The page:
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Suppose we setup a potentiometer with two power supplies +10V and -10V as shown above. A digital voltmeter is setup to measure the voltage.

If the potentiometer is turned all the way up, a digital voltmeter would read +10V, if the potentiometer is setup all the way down, the digital voltmeter would read -10V.

My question is

When writing the equation for calculating the voltage across the voltmeter, how can we include the +10V and as well as -10V in our potential divider equation and calculate the voltage at the voltmeter?


2 Answers 2


How about, V = 20x-10 where x is the potentiometer wiper position as a fraction from 0 to 1.

Other related points (to consolidate those made in the follow-up comments and answers):

  • General form: \$ V_{out} = x(V^+-V^-)+V^-\$
  • Potentiometers (pots) are generally used in low power applications. Make sure to check your part's specs to ensure it will operate properly in your circuit.
  • Pot wiper terminals are typically designed to carry low current. Again, check the datasheet.
  • In response to your question in the comments section: if you intend to test your device with an ohmmeter, be sure to first disconnect the power source in order to obtain accurate measurements.
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    \$\begingroup\$ Or, of course, 10 (2x - 1). \$\endgroup\$ Commented Jul 12, 2017 at 3:22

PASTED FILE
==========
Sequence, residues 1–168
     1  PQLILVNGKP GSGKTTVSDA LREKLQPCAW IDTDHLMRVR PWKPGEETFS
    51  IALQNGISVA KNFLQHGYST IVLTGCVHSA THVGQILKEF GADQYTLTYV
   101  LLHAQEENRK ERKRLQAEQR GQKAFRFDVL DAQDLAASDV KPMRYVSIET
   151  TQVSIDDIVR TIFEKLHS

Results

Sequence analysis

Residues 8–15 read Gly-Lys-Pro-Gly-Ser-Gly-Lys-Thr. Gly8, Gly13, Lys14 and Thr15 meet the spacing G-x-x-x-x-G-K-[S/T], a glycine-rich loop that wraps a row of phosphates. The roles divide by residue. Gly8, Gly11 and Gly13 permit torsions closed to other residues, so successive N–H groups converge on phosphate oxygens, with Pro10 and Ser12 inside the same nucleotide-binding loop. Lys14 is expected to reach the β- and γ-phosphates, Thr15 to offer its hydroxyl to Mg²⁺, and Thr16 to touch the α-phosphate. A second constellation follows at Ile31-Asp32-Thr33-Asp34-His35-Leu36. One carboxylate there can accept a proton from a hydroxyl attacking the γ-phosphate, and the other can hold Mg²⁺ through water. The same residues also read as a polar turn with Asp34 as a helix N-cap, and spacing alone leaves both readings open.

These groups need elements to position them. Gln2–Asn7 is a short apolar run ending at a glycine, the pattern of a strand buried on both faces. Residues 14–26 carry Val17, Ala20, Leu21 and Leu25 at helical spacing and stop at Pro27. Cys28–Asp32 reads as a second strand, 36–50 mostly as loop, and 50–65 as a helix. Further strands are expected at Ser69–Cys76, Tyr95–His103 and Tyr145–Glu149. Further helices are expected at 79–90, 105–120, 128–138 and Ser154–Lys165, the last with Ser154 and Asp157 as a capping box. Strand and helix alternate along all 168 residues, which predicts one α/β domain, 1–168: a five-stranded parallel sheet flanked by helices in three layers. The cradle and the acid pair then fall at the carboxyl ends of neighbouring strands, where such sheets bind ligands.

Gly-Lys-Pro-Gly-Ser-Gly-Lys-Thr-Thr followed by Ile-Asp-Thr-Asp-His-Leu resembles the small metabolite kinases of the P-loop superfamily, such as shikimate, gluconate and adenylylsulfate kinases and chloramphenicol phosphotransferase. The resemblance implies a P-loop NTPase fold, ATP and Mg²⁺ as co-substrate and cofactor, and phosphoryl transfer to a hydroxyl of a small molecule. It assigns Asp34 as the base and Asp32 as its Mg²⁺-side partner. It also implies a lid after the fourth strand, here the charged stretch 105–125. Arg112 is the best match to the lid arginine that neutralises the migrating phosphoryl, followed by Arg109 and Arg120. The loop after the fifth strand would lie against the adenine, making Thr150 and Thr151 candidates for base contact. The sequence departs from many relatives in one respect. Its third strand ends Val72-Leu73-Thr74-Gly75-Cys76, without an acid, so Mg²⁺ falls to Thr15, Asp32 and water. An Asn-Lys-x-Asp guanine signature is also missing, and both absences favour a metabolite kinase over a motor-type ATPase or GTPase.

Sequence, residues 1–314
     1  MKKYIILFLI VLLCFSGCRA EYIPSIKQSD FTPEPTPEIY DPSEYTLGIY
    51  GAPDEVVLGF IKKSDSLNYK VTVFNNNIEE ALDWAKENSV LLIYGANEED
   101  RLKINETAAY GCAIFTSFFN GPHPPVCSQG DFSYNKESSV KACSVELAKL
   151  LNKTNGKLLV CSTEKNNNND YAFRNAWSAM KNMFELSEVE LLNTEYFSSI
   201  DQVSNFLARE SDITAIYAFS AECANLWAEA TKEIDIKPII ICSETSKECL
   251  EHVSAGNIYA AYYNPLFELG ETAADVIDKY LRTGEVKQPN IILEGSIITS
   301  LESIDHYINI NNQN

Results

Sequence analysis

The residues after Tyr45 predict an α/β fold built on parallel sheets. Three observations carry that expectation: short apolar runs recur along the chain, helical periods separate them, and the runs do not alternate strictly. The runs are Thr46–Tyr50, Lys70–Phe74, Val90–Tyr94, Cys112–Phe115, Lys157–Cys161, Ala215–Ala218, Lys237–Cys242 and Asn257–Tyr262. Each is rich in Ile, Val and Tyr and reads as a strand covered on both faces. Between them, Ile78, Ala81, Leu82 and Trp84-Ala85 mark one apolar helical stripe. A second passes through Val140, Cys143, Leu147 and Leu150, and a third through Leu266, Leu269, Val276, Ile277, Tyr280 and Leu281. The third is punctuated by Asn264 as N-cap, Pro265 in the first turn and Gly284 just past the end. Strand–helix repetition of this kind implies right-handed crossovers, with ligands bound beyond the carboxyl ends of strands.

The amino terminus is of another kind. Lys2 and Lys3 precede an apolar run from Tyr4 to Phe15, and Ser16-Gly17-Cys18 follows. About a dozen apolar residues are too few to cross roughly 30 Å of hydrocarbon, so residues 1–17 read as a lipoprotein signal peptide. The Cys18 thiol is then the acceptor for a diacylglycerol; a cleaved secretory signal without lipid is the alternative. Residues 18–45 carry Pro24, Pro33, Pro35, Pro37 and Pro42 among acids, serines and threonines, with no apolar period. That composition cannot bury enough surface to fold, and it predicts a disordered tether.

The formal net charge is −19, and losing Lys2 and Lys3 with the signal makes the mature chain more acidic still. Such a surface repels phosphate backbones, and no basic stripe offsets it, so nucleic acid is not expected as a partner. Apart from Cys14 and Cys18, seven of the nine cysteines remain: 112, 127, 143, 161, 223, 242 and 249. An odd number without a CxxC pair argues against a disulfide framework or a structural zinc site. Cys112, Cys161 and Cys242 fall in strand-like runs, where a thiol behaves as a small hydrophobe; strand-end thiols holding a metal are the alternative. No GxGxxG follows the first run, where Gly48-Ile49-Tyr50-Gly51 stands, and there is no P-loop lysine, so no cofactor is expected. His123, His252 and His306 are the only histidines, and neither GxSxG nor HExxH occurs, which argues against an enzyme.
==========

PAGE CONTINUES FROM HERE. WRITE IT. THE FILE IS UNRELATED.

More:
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    \$\begingroup\$ @Amy if the potentiometer has a linear (and not logarithmic) range: 0.5xR1 = 50 Ω. If you are using a standard DMM, you'll need to disconnect the power before making your measurements. \$\endgroup\$ Commented Jul 12, 2017 at 4:03
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    \$\begingroup\$ @Amy No, for an ideal linear pot, when the wiper is half way through the full rotation, the resistance will be half of the potentiometer's full value. Or in your case, 50 Ω (as stated in the comment above). \$\endgroup\$ Commented Jul 12, 2017 at 5:07
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    \$\begingroup\$ @Amy By the way, 20 Volts across a 100 Ω pot is probably a bad idea. Pots are typically used in low power applications. Unless this is purely academic, make sure your part is rated for the 4 Watts. \$\endgroup\$ Commented Jul 12, 2017 at 5:27
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    \$\begingroup\$ Also, pot wiper terminals are typically designed to carry very, very, little current. Check the datasheet. \$\endgroup\$ Commented Jul 12, 2017 at 14:33

A more general equation would be:

\$ V_{out} = x(V_1-V_2)+V_2\$

\$ x = \$ a wiper from 0 to 1

I strongly suggest that you do not use 100 ohm potentiometer (use a higher value like 10k). Nor do I suggest that you use a potentiometer to power something else.

There is something called output resistance and input resistance, but that is something that should be answered in another future question for when the time comes.


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